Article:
This evening my wife Kathy played the light blue "Hippie Clan" of lemmings, my son played the light green "Soldier Clan," and I played the red "Biker Clan." Factions have no special abilities -- just a great deal of personality in the game piece art. Our game ran long, since it was a learning game -- perhaps two and a half hours from opening the box to final scoring, and that included dinner preparation and eating during the last part of the game. Ostensibly, a three-player game should take 30 to 45 minutes, and I think that might be true for three experienced players who are familiar with the game flow. The decision space is really not that large, so I can image the game length shortening as we get acquainted with LL.
|Way too many bikers in the |
Eagle Chow Pile
One aspect of the tactics in the game that I didn't take into account until late was the turn order and rotating control of the eagles. I hadn't considered that the relative safety of a lemming's position depends in part on who controls the eagles on the next turn. Whereas I was preoccupied with minimizing my vulnerability to the dice roll, I might have focused more on when I was going to control the eagles and what my options would be depending on which number came up on the eagle dice. I might have taken fewer risks on the wrong turns and been more daring in anticipation of holding the eagle dice on a later turn.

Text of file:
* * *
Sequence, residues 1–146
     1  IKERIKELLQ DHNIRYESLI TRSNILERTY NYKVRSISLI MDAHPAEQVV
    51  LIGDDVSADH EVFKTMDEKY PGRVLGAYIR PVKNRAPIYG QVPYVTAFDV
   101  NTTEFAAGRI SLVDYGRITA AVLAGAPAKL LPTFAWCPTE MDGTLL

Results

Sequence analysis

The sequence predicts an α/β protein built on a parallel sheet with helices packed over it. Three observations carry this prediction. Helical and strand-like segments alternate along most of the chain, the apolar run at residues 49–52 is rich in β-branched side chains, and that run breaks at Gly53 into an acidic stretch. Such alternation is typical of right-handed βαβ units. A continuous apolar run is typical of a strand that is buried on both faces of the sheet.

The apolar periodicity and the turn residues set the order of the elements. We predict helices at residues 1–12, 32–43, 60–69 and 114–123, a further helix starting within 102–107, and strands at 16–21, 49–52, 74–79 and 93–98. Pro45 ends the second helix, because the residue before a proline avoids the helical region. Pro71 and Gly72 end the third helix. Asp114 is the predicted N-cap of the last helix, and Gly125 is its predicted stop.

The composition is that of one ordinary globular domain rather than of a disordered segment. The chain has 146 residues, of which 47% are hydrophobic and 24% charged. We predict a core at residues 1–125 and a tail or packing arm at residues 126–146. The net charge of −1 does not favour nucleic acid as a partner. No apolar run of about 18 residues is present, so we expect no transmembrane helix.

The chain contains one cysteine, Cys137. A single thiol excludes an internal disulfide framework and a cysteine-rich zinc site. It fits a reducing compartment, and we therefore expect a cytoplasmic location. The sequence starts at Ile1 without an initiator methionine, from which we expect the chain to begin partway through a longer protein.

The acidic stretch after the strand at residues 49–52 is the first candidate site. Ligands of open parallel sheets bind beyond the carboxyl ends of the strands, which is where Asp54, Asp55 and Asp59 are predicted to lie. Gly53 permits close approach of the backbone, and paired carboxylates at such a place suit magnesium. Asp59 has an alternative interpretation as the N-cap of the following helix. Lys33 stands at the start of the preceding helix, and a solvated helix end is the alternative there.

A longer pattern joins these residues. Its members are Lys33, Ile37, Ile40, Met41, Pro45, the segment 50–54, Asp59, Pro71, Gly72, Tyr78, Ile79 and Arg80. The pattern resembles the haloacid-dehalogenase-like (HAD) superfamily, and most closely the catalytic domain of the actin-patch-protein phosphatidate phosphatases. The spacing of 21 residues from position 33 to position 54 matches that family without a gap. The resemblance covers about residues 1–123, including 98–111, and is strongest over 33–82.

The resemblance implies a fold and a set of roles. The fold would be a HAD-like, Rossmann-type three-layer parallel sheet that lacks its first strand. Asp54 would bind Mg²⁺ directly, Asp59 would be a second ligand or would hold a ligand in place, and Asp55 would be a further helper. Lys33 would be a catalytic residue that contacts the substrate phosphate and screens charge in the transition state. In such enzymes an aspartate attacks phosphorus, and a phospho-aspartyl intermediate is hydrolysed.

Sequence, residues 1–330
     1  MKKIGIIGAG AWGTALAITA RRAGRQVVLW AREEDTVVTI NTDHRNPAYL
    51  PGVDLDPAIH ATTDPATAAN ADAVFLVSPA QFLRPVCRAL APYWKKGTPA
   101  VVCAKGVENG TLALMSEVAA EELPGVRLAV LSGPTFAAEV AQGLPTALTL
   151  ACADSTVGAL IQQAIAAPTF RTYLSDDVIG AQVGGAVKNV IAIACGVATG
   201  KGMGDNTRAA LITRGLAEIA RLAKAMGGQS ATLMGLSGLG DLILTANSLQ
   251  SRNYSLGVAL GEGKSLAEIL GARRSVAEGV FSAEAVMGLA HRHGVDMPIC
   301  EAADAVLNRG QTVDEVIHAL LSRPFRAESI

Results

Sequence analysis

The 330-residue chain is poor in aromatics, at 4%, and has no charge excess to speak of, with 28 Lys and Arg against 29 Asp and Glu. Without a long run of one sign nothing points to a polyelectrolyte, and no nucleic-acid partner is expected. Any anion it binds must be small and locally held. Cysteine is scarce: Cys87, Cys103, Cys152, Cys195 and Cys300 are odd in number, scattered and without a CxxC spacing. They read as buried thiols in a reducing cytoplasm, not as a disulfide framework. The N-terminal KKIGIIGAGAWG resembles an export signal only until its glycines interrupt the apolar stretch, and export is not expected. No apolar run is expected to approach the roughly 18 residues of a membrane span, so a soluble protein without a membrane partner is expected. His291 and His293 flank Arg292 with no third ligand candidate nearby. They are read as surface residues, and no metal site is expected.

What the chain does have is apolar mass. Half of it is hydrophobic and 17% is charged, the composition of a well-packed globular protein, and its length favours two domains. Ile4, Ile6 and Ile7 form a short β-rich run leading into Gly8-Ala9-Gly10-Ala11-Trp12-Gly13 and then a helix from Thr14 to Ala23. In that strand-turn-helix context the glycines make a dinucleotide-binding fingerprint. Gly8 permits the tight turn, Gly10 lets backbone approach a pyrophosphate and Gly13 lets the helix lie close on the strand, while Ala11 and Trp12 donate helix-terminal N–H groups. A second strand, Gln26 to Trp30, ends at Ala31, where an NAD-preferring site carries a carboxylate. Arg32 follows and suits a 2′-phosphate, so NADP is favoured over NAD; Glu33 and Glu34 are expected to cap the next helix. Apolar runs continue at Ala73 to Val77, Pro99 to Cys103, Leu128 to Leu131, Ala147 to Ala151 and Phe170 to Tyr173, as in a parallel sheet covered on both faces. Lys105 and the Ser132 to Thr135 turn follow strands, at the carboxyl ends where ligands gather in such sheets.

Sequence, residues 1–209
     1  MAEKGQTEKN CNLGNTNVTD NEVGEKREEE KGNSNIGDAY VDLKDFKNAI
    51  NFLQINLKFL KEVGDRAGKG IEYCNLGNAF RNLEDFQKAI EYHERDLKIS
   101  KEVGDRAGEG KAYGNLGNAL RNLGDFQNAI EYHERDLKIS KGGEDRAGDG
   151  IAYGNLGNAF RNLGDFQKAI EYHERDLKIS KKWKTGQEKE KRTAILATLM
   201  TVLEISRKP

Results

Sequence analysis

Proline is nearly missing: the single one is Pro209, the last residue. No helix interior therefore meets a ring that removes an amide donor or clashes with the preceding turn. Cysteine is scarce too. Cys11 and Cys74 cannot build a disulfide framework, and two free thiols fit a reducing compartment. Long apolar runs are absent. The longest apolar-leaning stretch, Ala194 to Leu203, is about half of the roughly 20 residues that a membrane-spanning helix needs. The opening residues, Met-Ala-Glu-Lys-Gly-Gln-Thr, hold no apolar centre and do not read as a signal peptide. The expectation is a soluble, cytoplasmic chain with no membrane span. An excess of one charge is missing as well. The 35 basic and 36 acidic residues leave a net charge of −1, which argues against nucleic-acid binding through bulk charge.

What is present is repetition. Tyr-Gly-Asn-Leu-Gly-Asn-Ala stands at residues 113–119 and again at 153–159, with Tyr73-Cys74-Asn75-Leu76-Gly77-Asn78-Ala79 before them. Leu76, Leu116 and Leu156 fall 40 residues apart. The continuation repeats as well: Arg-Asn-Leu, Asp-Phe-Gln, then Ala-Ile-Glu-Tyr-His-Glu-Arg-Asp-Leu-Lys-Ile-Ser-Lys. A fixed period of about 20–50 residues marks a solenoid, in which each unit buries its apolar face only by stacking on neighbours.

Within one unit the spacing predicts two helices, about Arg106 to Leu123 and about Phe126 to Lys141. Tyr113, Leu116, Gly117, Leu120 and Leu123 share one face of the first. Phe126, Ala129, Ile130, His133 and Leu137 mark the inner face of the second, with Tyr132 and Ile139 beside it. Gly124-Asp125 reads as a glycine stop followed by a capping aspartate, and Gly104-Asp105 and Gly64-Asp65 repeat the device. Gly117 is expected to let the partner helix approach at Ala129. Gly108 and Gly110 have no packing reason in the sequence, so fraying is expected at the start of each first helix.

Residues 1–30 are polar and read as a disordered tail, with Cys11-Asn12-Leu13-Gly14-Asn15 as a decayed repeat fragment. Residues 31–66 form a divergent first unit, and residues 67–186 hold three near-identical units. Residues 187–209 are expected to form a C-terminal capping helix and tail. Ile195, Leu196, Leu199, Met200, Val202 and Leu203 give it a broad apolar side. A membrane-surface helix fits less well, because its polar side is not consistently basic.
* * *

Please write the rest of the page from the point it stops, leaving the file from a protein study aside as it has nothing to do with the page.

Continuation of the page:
So we have a good initial impression of LL -- light-hearted, in the vein of Guillotine, but a legitimate game of tactics. It is by far a better game than the mechanically similar Lost World: Jurassic Park, because there is no play-balance issue as in that confrontation of dinosaurs vs. people. In fact, I wonder whether LW:JP couldn't be restructured along the lines of LL so that we could breathe new life into that old flawed sentimental favorite.